While in operation, the feasibility of conducting the CBR program at Thiruporur was well established . The program addressed most objectives set out by the National Mental Health Program. Strategies implemented included training lay community health workers, clinical services, networking, public awareness campaigns and implementation of simple psychosocial rehabilitation strategies through lay community workers. Training of health care personnel at the primary health care facilities aimed to meet the NMHP objective of integrating mental health care with primary care [8, 9].
When we made our exit from the project area in 1999, we were quite satisfied with the spectrum of activities we had initiated. However, a visit in 2005 proved to be a little unsettling and it was this, which motivated us to take up this research. In Thiruporur, our training over a period of several months did not lead to sustained psychiatric services being available to the community due to a variety of reasons. The primary factor was that physicians at PHCs were often on temporary posting and were transferred within 6 months. Other reasons included the fact that there was only one physician per PHC and he often had to deal with over 100 patients per day, leaving him little time to deal with psychiatric patients. Inclination and willingness to handle mental disorders had also much to be desired . PHC's were also unable to provide psychiatric medication to the patients as they had a limited budget . Budget allocation works on the principle of "greatest good for the greatest number" thereby allowing psychiatric patients to fall through the cracks.
The expectation that the patients would continue treatment in the centers to which they were referred was not realised primarily due to the fact that they found it expensive to commute to the referred center. This was despite the fact that they realized that regular treatment was necessary.
Another factor contributing to the discontinuation of treatment was the lack of awareness among families about the nature of the illness. When the symptoms were controlled and the patient had recovered sufficiently to become functional, he was seen as being "cured" and no longer in need of treatment.
Dropping out of psychiatric care is not an uncommon phenomenon, especially in the case of chronic mental illnesses. Several studies including our own have addressed this issue. While some have reported more drop-outs in improved patients who were satisfied with the level of care , the contradictory finding of persons dropping out because of lack of improvement was seen in other studies . Our own followup study revealed that those patients who had remitted had dropped out .
Alternatively when a patient on treatment relapsed the family lost faith in treatment. Conflicting explanatory models about mental illness  and the availability of religious "healing" centers in the vicinity further compounded this problem. Our own research revealed that people held more than one explanation for a particular condition that led them to seek simultaneously different kinds of interventions. This is best exemplified by the fact that we were able to convince some of the persons with psychoses who " were residing in temples" for cure of their disorder to start taking medicines.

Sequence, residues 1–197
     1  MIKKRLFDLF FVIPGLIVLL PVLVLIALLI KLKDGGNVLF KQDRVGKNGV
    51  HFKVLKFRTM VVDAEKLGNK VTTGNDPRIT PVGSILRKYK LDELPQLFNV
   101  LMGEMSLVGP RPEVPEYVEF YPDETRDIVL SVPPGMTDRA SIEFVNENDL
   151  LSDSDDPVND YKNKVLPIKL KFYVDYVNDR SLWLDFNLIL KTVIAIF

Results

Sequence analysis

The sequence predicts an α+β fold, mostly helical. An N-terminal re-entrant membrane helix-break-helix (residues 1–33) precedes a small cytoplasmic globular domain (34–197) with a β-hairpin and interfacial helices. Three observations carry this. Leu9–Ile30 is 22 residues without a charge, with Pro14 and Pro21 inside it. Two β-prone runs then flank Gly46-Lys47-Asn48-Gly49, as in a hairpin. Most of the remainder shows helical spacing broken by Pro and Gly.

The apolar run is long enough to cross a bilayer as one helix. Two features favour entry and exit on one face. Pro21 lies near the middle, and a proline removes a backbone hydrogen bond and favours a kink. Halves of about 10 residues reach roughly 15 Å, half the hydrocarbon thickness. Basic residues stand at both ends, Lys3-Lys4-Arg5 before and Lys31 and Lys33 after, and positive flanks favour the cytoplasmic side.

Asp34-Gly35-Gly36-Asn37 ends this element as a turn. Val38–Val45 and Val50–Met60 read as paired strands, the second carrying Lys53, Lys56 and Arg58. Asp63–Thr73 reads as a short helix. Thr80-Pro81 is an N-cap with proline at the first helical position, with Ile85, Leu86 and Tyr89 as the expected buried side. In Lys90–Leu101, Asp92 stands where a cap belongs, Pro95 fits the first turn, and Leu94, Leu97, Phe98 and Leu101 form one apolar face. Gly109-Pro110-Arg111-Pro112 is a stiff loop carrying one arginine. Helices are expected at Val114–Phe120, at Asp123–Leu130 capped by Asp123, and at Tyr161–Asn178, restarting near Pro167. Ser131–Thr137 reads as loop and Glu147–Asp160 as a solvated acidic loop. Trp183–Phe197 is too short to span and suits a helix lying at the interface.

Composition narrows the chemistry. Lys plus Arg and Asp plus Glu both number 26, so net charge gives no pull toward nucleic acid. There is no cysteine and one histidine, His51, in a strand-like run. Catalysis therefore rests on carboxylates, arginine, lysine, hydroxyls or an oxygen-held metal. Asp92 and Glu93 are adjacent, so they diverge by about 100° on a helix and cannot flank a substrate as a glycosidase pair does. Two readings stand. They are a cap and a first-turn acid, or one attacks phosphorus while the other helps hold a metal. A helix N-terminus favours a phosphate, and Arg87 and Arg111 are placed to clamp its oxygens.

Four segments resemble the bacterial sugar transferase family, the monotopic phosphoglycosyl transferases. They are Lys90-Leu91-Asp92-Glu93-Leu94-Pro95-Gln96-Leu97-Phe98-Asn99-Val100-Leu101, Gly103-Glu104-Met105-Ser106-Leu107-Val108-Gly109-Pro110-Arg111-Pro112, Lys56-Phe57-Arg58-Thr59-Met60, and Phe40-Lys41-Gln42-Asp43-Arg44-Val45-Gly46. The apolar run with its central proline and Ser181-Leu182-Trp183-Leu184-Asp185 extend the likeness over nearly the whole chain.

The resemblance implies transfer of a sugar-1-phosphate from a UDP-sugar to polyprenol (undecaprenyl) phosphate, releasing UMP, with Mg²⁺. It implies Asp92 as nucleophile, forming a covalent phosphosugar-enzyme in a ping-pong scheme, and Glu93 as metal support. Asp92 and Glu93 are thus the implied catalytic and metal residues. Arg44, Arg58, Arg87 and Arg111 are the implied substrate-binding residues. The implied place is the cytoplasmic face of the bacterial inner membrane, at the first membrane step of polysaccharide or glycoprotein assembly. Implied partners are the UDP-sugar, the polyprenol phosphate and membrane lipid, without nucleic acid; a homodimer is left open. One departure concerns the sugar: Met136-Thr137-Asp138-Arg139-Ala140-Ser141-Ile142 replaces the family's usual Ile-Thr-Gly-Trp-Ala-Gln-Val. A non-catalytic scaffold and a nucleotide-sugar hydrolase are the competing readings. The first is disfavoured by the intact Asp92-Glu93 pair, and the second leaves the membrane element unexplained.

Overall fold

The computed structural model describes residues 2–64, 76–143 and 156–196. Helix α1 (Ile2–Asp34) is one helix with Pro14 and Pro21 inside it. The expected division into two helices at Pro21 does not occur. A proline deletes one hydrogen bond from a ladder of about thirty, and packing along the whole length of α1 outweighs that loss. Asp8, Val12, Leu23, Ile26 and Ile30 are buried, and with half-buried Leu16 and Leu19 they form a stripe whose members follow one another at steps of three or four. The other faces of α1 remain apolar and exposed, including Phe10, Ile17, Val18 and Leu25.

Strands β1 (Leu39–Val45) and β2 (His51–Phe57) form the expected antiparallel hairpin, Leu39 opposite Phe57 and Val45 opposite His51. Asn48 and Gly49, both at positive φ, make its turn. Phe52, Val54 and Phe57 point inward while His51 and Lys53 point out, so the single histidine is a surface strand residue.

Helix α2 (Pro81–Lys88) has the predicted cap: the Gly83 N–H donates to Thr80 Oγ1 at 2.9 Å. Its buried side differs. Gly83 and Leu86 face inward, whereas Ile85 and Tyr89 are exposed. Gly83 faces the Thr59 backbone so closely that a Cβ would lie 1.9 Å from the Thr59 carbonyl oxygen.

Regular psycho-education programs must be conducted in the community to educate the families about the nature of their relative's illness and the need for sustained medical treatment.
Most support groups for persons with mental illness are located in urban areas and comprise of families of persons with mental illness. The Citizens' group initiative of this programme was quite different, being rural and comprising of persons who had not been directly affected by mental illness. The primary objective of this group was to mobilise resources within the community that would facilitate the implementation of the CBR program. During the period of one year that the group was functional, it acted as a vital resource in the community, assisting in identifying and referring patients, organising camps, disseminating information about camp calendars and helping transportation of patients from distant villages. This group however, stopped functioning as soon as the project co-ordinator left the area. Lack of adequate leadership among the members, limited access to a mental health facility and inability to raise funds accounted for the termination of this group.
Some of these factors apply also to the continuation of the self employment schemes. The family must be co-opted in the treatment and in the self-employment schemes if it is to be sustained as evidenced by the fact that when patients relapsed they had to give up their income generating resource. Schemes that tap the innate skills that the patient and the family already possess will ensure better sustainability.
A revolving fund will provide the seed money to help start self-employment schemes. Patients/families who take a loan from the fund to start a venture will pay back in full within a predetermined timeframe, enabling the cycle to continue. These issues need to be addressed in a comprehensive manner in all future endeavors.